few years ago, a trove of photographs when attempting to describe a woman now outed briefly received headlines around the as a talented photographer. But they find words, world: tens of thousands of brilliant street and much of the documentary is devoted to the scenes, never before seen, had been found. The anecdotal and sometimes conflicting memories of kicker? The photographer turned out to be a these minor characters in her life. It’s an earnest Chicago nanny who whisked the children in her collection of unreliable narrators, and they evencare out for strange outings for decades like some tually stumble into something resembling truth. real-life Mary Poppins with a Rolleiflex. Ask people to find meaning in a thing, and they Finding Vivian Maier recounts that discovery will find it. by John Maloof (who co-directed with Charlie It’s an exhaustive effort, and some of the nicSiskel) and his ensuing quest to discover the artest moments occur when fragments of memories ist’s identity. The film could have asked thoughtare matched with the resulting photos — no ful questions about photography, preservation small feat. But for all of those meticulous efforts, and empathy: What right do we have to violate the filmmakers’ version of the story rings least another’s space? What do we owe the people true, perhaps because it’s the most self-serving. captured in our frames? When does Maloof seems to find curiosity become voyeurism? it genuinely unbelievFINDING VIVIAN MAIER Instead, it delves into the mystery of able that a person Not Rated Vivian Maier in a straightforward biowould bother to make graphical approach, a quest that ultimate- Directed by John Maloof and Charlie Siskel images without the At Magic Lantern ly provides no answers that match the intention of sharing unflinching clarity of her photographs them. themselves. All evidence suggests Maier, The argument who died in 2009, was very private; conjecture is that the work is too good to remain hidden, suggests she was in some way mentally ill. The a deeply flawed argument but nevertheless a word “bizarre” is used a lot, with “eccentric” not compelling one, because Maier’s images truly far behind. are remarkable. Her insightful, compassionate The film opens with a collection of employphotographs stand in contrast to her “dark side” ers, charges and acquaintances — but not friends, exposed in the film, and at the end, the viewer is since she didn’t have any — apparently at a loss inclined to believe the photographs. 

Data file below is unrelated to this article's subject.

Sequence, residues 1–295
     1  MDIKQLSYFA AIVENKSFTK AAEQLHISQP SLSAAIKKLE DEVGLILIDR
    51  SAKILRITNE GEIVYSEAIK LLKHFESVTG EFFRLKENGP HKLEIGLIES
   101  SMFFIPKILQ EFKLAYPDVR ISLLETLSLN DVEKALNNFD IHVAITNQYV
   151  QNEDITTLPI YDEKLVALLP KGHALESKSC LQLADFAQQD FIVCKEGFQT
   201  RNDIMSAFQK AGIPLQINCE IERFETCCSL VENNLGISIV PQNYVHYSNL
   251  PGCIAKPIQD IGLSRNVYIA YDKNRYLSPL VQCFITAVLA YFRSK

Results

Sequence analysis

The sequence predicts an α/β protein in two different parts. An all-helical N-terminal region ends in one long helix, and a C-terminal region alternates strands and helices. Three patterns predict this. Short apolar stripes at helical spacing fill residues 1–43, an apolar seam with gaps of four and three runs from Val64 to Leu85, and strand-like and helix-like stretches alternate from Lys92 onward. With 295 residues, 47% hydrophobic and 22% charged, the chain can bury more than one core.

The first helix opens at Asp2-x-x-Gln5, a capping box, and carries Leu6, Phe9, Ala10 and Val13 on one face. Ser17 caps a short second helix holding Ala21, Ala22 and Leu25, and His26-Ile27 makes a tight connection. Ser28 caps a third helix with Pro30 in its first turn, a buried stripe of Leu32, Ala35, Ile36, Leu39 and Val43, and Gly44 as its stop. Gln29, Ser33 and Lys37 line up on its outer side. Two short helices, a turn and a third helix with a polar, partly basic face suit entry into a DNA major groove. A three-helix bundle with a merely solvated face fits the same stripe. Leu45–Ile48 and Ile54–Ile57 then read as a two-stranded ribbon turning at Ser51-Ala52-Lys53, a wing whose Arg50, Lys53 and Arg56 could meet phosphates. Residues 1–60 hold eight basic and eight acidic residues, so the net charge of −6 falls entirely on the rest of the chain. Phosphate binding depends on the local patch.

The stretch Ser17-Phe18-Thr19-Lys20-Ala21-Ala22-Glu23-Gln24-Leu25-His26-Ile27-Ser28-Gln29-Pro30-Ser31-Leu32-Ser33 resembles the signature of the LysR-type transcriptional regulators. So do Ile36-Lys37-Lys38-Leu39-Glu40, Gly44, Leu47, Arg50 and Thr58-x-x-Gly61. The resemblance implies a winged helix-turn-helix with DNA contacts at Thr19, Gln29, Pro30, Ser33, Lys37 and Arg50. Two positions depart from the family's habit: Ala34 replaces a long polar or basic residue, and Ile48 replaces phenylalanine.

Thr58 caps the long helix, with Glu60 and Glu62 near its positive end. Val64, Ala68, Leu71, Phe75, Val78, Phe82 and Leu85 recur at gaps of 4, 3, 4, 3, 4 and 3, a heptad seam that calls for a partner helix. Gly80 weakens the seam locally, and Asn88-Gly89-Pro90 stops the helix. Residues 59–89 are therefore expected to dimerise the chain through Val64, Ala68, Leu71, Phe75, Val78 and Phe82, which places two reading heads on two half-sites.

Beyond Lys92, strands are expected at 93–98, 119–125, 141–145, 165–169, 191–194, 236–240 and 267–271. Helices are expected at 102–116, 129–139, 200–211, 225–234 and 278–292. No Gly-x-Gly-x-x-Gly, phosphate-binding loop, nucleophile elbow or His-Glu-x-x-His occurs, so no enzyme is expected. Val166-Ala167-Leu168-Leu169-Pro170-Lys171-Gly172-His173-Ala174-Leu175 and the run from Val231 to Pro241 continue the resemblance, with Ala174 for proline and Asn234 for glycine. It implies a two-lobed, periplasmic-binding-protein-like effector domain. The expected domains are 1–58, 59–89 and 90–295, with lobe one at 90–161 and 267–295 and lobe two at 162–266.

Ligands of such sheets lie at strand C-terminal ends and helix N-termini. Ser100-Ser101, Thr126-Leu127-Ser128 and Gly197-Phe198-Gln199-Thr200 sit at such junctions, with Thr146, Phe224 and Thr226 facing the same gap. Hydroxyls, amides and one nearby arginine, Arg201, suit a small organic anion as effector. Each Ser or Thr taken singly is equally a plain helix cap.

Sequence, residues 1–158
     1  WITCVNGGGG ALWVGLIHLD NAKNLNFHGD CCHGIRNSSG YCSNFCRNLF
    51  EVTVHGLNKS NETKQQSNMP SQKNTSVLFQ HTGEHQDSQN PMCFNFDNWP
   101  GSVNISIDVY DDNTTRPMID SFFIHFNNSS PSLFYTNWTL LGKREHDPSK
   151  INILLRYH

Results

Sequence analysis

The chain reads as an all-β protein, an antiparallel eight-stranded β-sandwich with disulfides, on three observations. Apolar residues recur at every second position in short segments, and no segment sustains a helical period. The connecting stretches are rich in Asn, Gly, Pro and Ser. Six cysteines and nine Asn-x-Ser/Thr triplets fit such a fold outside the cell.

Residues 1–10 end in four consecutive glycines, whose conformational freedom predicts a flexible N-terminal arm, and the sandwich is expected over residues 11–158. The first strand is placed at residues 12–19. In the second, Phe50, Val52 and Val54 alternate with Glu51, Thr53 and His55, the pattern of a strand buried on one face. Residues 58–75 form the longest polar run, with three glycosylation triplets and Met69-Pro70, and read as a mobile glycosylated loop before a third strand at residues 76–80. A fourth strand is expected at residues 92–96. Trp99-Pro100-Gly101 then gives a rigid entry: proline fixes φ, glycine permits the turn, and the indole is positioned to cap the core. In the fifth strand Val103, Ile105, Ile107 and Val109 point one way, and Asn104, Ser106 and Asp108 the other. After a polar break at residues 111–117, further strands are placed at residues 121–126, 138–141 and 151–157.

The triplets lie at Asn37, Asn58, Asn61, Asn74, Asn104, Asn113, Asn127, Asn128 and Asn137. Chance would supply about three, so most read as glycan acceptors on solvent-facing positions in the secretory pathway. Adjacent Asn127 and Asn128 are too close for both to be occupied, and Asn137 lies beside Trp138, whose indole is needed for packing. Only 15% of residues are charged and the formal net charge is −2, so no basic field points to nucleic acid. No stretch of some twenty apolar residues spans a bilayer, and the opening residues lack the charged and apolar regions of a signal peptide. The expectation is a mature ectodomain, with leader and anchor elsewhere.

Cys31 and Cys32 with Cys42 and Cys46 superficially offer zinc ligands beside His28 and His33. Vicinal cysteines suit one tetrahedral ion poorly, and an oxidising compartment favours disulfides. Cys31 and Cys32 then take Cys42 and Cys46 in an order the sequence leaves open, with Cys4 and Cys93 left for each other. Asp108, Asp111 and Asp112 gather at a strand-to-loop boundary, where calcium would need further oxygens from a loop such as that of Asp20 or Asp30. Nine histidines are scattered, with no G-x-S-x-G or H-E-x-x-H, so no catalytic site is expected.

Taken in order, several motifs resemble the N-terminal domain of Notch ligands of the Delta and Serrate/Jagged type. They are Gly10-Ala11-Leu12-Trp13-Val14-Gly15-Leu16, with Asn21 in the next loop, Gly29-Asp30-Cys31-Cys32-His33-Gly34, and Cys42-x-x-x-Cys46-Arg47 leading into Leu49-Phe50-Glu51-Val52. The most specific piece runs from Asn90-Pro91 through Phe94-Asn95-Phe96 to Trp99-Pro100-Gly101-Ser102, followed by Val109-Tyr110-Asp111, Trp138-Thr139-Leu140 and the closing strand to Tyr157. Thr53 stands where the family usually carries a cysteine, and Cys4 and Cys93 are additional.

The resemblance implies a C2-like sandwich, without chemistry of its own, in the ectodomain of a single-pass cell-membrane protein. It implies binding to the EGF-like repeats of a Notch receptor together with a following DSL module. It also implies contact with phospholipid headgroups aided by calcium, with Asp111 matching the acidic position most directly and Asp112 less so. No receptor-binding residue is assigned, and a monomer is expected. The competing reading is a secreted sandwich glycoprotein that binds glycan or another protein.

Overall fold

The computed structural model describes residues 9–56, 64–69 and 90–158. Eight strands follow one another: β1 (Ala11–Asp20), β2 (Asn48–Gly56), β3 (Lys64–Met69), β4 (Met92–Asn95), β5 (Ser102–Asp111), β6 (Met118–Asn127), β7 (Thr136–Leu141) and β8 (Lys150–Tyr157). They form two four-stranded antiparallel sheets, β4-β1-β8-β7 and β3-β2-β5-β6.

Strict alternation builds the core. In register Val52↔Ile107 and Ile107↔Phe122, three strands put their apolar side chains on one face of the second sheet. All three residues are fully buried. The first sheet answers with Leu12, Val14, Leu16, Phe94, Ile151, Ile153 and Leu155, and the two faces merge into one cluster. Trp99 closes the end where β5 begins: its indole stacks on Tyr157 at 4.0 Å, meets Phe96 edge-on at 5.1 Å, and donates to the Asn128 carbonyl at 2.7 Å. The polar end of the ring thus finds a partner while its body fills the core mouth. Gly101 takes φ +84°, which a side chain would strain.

DIVERGENT [CC,DV] (PG-13) Fri. - Sat.(110) 415 720 1030 Sun.(110 PM) 415 PM 810 PM

PG-13 Daily (3:10) 6:10 9:10 Sat-Sun (11:50)

12622 N Division • 509-232-7727


Daily (2:30) (5:30) 8:30 9:50 Fri-Sun (10:00) (11:30) In 2D Daily (12:15) (1:00) (1:45) (3:15) (4:00) (4:45) 6:15 7:00 8:00 9:15 Fri-Sun (10:45) PG-13


BEARS [CC,DV] (G) Fri. - Sun.(1245 PM 340 PM) 645 PM TRANSCENDENCE [CC,DV] (PG-13) Fri. - Sun.945 PM

PG-13 Daily (2:00) (4:20) 6:45 9:20 Fri-Sun (11:30)

HEAVEN IS FOR REAL [CC,DV] (PG) Fri. - Sun.(100) 415 655 925

PG-13 Daily (1:10) (3:10) (5:15) 7:20 9:30 Fri-Sun (11:00)

DRAFT DAY [CC,DV] (PG-13) Fri. - Sun.(1100 AM)



PG Daily (1:40) (4:10) 6:40 9:25 Fri-Sun (11:10)


RIO 2 [CC,DV] (G) Fri. - Sun.(1215 315) 645 930


CAPTAIN AMERICA: THE WINTER SOLDIER [CC,DV] (PG-13) Fri. - Sun.(1145 300) 630 940

PG-13 Daily 9:00

G Daily (12:30) (2:30) (4:20) 6:15 Fri-Sun (10:40)


PG Daily (11:45) (2:10) (4:40) 7:10 9:25

GOD'S NOT DEAD (PG) Fri. - Sun.(1220 PM 320 PM) 635 PM

G Daily (1:40) (4:00) 6:25 8:50 Fri-Sun (11:15)

DIVERGENT [CC,DV] (PG-13) Fri. - Sun.(1225 335) 650 1000



PG-13 Daily (11:40) (2:20) (4:50) 7:20 9:40

CAPTAIN AMERICA: THE WINTER SOLDIER PG-13 Daily (11:50) (2:50) 6:20 9:20


PG-13 Daily (11:50) (3:00) 6:10 9:10

THE GRAND BUDAPEST HOTEL R Daily (11:45) (1:50) (4:10) 9:35


PG-13 Daily 6:40

Showtimes in ( ) are at bargain price. Special Attraction — No Passes Showtimes Effective 5/2/14-5/8/14

Adv. Tix on Sale NEIGHBORS Adv. Tix on Sale GODZILLA MAYWEATHER VS. MAIDANA (NR) Sat.600 PM Times For 05/02 - 05/04

MAY 1, 2014 INLANDER 55

May 1st- May 7th

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Seaside Church




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$4 Jack Daniel’s HONEY BLACK COMING SOON! May 8th


Bloomin’ Motivators


Bands line the Bloomsday course every year to pump up runners, but it’s not as simple as just playing music BY LAURA JOHNSON


ast year, their jokes were admittedly awful. “It’s all uphill from here,” the Nixon Rodeo told passing Bloomsday runners from the base of Doomsday Hill. Thanks to wireless guitar packs, the hard rock musicians could trot alongside athletes for a few paces, serving up high-fives and an extra boost of confidence. Like the other bands on the course, they wore themselves out for four hours straight. Their efforts lead to a secondplace finish in the Best Bloomsday Entertainer contest, voted on by runners.

Back for their second year, bassist Travis Singleton says his band, with a penchant for skinny jeans and flat-bill hats, wouldn’t miss the opportunity to play their spirited originals and covers again. “People found us afterward and said we were the push they needed to get up the hill,” Singleton says. A member of previous bands, Singleton is a Bloomsday veteran playing his seventh this weekend. Last year, he told Nixon Rodeo drummer Ethan Harrison to avoid serious blisters by wrapping his hands in athletic tape. “I didn’t know that the first year I played and I was

bleeding everywhere,” says Singleton, a former drummer. In the same way, lead singer Brent Forsyth also was concerned that his powerful screaming/singing voice wouldn’t hold up for the race’s duration, but with the help of tea and water he managed fine. Sunday, the four-piece will rise at 6 am, pack their gear in Milhous (a “cherry condition” ’85 GMC Vandura named after President Nixon’s middle name), down a breakfast of Monster Energy drinks and McGriddles and hustle over to the same Doomsday space. ...continued on next page